Sen. John McCain, a Republican who may hold a pivotal vote in the last-ditch GOP effort to make major changes to the Affordable Care Act, is withholding his support as leaders stare down a final deadline to act by the end of the month.
“I am not supportive of the bill yet,” the Arizona senator told reporters Monday, adding that he wants a more thorough legislative process.
A number of other Republicans are jumping on board a proposal by Sens. Lindsey Graham of South Carolina and Bill Cassidy of Louisiana to replace the Affordable Care Act’s insurance subsidies with block grants to states, which would decide how to help people get health coverage.
The Congressional Budget Office said Monday it will offer a partial assessment of the measure early next week, but that it won’t have estimates of its effects on the deficit, health insurance coverage or premiums for at least several weeks. That could make it hard to win over several Republicans who opposed previous versions of repeal legislation.
On the conservative side, Sen. Rand Paul insisted Monday he is opposing the bill because it keeps too much of the Affordable Care Act.
“It’s another incarnation of replace. I won’t support it,” Paul of Kentucky told reporters, adding that it isn’t a “kidney stone” you pass to “just get rid of it.”
Asked about the likelihood that the bill would get enough GOP support to pass, Paul said, “Two weeks ago I would have said zero. But now I’m worried.”
Two months ago, Majority Leader Mitch McConnell’s effort to pass a replacement with only Republican support suffered a spectacular defeat in the Senate. When members of the Senate health committee then began working on a bipartisan plan to shore up Obamacare, Graham and Cassidy revved up a new bid to get their GOP-only bill to the Senate floor.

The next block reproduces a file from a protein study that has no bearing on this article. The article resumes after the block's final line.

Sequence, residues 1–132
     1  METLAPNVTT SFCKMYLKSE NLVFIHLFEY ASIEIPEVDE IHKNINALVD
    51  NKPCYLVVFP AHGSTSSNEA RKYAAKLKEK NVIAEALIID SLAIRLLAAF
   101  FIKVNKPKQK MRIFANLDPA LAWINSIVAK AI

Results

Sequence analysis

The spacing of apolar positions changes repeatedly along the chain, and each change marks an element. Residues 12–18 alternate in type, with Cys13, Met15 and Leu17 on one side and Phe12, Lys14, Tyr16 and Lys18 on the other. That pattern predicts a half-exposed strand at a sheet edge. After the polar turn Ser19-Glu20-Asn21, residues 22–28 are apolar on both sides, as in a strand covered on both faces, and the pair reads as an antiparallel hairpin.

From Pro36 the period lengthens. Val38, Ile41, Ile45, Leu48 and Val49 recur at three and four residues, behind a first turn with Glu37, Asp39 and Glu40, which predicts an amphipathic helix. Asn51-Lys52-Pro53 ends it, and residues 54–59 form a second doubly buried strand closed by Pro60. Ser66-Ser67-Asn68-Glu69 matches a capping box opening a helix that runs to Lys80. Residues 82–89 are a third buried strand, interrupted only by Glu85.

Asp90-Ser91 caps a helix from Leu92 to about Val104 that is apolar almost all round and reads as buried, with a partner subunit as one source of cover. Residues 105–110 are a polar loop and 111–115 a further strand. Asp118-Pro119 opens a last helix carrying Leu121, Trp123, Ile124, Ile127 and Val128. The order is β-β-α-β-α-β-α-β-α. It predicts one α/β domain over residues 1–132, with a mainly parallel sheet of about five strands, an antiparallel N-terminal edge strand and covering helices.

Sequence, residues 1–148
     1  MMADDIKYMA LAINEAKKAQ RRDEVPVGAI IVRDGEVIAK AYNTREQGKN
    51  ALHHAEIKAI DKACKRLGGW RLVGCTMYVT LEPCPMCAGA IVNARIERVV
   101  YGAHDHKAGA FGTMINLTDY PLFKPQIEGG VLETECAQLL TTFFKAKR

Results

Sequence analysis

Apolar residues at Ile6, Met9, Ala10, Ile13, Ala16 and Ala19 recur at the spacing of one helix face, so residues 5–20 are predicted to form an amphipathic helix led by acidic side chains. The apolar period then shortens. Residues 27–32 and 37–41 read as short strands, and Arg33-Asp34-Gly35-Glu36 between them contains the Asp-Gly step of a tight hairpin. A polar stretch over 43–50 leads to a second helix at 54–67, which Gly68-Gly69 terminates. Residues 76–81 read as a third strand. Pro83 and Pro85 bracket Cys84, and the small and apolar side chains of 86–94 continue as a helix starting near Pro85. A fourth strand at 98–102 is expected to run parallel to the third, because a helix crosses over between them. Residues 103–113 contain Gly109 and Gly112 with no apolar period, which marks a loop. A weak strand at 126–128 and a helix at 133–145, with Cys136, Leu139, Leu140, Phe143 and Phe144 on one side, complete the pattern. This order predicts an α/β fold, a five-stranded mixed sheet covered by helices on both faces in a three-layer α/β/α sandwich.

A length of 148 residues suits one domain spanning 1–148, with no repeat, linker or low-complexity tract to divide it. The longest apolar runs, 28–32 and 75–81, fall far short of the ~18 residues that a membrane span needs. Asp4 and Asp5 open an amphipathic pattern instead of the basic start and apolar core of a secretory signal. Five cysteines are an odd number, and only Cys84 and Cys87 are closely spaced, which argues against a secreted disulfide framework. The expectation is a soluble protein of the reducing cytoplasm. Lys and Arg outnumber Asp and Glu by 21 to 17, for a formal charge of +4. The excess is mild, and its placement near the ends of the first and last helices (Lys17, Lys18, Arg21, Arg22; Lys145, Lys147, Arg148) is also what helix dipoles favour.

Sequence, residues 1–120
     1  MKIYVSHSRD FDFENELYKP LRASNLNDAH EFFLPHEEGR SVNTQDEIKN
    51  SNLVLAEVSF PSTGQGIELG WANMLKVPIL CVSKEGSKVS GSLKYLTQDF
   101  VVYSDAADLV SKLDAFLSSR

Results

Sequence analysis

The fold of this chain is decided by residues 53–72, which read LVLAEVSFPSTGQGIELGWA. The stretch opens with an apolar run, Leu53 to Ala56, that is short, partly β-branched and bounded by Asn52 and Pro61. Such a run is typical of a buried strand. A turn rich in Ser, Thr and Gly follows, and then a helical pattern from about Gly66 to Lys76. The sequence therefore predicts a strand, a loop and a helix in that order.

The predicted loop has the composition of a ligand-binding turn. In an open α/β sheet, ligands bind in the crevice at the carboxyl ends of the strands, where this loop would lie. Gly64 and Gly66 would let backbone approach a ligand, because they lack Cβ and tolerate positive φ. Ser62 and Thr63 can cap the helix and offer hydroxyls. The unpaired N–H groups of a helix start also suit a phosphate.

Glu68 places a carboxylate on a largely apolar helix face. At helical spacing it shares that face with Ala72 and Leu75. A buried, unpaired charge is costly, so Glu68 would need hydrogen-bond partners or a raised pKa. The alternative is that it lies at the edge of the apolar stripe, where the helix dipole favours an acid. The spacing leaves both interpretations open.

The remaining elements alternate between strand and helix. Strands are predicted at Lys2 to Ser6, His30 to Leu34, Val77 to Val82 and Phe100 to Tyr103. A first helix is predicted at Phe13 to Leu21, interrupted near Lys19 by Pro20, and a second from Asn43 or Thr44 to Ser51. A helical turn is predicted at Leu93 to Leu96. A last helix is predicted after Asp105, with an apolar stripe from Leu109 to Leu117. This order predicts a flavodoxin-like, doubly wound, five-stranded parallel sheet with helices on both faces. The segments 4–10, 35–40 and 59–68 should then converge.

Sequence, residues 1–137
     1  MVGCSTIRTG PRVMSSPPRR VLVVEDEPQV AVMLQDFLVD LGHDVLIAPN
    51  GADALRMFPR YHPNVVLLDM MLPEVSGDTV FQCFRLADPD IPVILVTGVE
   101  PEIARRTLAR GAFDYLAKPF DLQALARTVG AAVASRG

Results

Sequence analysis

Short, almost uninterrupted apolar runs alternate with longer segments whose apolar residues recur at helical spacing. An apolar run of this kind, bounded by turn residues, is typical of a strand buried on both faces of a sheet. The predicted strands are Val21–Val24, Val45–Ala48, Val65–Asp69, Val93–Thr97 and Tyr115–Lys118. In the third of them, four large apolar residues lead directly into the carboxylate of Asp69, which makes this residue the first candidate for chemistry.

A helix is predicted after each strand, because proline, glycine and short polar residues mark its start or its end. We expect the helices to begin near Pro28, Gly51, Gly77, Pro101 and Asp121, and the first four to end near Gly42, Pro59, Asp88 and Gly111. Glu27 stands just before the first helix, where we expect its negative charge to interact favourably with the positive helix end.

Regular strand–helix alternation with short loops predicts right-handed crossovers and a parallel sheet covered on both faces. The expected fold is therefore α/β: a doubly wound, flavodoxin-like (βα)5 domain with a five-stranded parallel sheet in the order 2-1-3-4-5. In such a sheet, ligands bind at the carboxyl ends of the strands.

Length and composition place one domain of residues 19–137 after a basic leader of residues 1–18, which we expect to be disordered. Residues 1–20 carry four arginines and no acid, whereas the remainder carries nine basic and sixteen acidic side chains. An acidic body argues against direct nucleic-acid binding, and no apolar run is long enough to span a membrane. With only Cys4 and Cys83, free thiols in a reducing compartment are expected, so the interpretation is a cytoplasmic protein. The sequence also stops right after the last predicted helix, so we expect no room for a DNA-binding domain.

Democrats are warning that the proposal is a serious threat.
“This bill is worse than the last bill,” Senate Democratic leader Chuck Schumer of New York told reporters Monday. “It will slash Medicaid, get rid of pre-existing conditions. It’s very, very bad.”
Later at a news conference, Schumer said voting on the measure without a full CBO analysis would be “legislative malpractice.”
The measure would end Obamacare’s requirements that individuals obtain health insurance and most employers provide it to their workers, and give states broad flexibility to address the needs of people with pre-existing medical conditions. The proposal would end the Affordable Care Act’s tax on medical devices while keeping others intact, including taxes on the wealthy, to fund the block grants.
Shares of hospitals and health insurers that could see profits drop under the plan declined. Tenet Healthcare Corp. fell 6% to $15.72 at the close in New York while Community Health Systems Inc. slipped 4.6% to $7.26. The insurer Molina Healthcare Inc. lost 0.9% and Centene Corp. fell 1.5%.
No Democratic Support
Because the Graham-Cassidy plan has no Democratic support, Republicans have only until Sept. 30 to push it through the Senate before rules expire that allow it to be passed with 50 senators plus Vice President Mike Pence’s tiebreaking vote. Republicans control the Senate 52-48.
Graham said last week that McConnell said he was “all in” to help the two bill sponsors round up the 50 votes to pass the bill. Graham said they could have as many as 48 votes if the vote were held now. But a number of Republican senators have yet to get on board, including the three who defeated McConnell’s plan — Susan Collins of Maine, Lisa Murkowski of Alaska and McCain.
Collins “has a number of concerns” about the new proposal, including the cuts to Medicaid and the effect on people with pre-existing conditions, spokeswoman Annie Clark said Monday. She will examine the CBO analysis of the bill’s impact, Clark said.
Murkowski is getting a hard sell from Republican backers of the bill. Moments before she walked into McConnell’s office Monday, she said she’s working with Cassidy’s office to learn what the bill would mean for Alaska.
“What I’m trying to figure out is the impact to my state,” Murkowski told reporters. “There are some formulas at play with different pots of money with different allocations and different percentages so it is not clear.”
The conservative group Heritage Action, which opposed the GOP bill that failed in July, said last week the Graham-Cassidy proposal doesn’t appear to deliver on Republicans’ promise to repeal and replace Obamacare, though the group hasn’t taken a final position.